Central air conditioner, all other heating types 65,000 BTU/h or above, less than 240,000 BTU/h 11.6
Air-source heat pump 65,000 BTU/h or above, less than 135,000 BTU/h 11.4
Air-source heat pump 135,000 BTU/h or above, less than 240,000 BTU/h 11

COP: Coefficient of Performance

The COP is a thermodynamics concept that describes both heating and cooling efficiency, regardless of the energy input. This means you can use the COP for devices that use electricity, natural gas, heating oil, propane, etc. In simple terms, the COP is the heating or cooling output per energy unit consumed. This may sound similar to the SEER and HSPF, but there is an important difference:

  • The EER, SEER and HSPF consider a heating or cooling output measured in BTU, and an input in watt-hours.
  • To calculate the COP, the output and input must use the same energy units.

As a quick example, assume an air-source heat pump provides 9,500 BTU of heating for every kilowatt-hour consumed. To calculate the COP, you need to convert the heating output from BTU to kWh, or the energy input from kWh to BTU.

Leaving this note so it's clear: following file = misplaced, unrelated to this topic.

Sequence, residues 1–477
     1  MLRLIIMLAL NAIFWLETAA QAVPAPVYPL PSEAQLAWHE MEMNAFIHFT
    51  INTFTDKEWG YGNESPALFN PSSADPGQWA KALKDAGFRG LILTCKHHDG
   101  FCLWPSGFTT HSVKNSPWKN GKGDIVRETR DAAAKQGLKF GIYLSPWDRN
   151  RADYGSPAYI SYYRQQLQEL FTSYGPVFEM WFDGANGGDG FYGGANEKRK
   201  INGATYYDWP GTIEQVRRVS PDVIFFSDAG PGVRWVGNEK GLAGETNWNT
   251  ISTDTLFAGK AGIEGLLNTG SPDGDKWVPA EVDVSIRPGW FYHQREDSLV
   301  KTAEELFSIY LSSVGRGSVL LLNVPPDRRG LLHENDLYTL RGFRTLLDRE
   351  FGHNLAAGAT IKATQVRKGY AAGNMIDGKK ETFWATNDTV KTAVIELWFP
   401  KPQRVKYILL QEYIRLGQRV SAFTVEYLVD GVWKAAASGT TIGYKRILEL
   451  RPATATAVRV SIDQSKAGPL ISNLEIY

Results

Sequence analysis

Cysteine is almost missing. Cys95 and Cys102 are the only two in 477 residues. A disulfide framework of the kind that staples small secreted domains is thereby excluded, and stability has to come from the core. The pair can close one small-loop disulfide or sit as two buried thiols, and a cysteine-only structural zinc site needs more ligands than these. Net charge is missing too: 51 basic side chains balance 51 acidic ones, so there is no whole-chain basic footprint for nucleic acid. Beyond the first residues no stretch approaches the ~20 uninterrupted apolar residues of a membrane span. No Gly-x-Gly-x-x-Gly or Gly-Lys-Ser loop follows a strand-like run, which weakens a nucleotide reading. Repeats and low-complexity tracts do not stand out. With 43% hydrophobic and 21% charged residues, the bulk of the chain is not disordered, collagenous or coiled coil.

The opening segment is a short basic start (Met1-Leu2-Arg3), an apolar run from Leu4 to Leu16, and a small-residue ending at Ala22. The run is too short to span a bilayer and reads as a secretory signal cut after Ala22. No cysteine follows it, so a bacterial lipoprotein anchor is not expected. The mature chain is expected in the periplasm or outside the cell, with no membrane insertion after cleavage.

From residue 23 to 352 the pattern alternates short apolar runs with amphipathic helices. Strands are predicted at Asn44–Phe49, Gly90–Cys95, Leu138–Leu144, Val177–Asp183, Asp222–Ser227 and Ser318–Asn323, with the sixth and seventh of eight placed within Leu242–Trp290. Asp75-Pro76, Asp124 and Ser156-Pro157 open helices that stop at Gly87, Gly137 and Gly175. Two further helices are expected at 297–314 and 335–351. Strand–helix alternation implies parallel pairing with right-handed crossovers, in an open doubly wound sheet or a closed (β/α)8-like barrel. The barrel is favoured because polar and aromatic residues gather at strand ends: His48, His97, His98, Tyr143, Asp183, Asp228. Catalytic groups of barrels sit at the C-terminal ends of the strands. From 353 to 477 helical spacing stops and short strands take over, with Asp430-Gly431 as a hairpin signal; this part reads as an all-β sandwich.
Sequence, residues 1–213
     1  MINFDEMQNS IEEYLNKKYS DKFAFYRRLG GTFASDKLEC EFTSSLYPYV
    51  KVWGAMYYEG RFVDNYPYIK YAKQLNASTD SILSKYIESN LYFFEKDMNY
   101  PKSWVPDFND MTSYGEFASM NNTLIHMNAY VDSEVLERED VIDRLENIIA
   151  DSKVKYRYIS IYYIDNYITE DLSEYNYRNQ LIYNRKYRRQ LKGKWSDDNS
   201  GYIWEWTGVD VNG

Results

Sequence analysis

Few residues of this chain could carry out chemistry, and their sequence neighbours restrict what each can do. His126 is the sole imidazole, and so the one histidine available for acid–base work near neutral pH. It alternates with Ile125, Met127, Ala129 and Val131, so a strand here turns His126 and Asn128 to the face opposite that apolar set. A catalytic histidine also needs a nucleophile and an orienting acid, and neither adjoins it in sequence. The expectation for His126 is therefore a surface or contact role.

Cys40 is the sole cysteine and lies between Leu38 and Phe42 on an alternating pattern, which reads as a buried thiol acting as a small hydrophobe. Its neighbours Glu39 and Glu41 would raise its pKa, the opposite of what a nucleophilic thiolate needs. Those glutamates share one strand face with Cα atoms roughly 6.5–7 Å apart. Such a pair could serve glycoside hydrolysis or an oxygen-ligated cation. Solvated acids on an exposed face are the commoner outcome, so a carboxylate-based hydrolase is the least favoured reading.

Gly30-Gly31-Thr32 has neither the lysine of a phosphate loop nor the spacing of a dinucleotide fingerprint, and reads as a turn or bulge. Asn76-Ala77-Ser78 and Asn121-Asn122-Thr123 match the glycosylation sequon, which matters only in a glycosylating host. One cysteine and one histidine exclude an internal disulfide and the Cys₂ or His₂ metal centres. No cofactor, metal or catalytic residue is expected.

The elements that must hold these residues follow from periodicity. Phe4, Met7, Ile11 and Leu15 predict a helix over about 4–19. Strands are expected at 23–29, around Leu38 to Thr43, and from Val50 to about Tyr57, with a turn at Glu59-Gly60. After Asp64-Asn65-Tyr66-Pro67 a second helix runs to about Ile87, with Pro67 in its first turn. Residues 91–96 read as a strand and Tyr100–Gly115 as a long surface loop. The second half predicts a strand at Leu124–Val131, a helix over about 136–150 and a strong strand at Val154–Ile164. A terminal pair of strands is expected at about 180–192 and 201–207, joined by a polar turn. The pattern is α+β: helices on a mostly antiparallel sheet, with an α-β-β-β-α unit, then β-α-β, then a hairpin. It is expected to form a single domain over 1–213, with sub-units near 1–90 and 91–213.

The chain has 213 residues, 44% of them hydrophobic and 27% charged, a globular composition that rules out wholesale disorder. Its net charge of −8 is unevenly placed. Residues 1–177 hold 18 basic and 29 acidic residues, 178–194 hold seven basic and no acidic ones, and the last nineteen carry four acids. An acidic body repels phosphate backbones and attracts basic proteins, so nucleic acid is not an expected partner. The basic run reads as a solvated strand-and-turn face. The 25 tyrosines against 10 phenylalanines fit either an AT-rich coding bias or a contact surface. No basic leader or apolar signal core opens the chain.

Kilowatt-hours are normally used to measure electricity, but they can be used to describe any type of energy transfer, and this includes heating and cooling. One kilowatt-hour is equivalent to around 3,412 BTU, which means 9,500 BTU is roughly equivalent to 2.78 kWh.

  • Heating output in kWh = 9,500 BTU / 3,412 BTU per kWh = 2.78 kWh
  • COP = Heating output / electricity input = 2.78 kWh / 1 kWh = 2.78

The COP is unitless quantity, since it divides amounts of energy that are measured in the same units. When the COP is calculated, the energy measurement units cancel out.

NEMA Premium Efficiency

NEMA stands for National Electrical Manufacturers Association, a leading organization with more than 700 standards and technical documents published, and international recognition. They also created the NEMA Premium program, which has the goal of improving the efficiency of electric motors and transformers.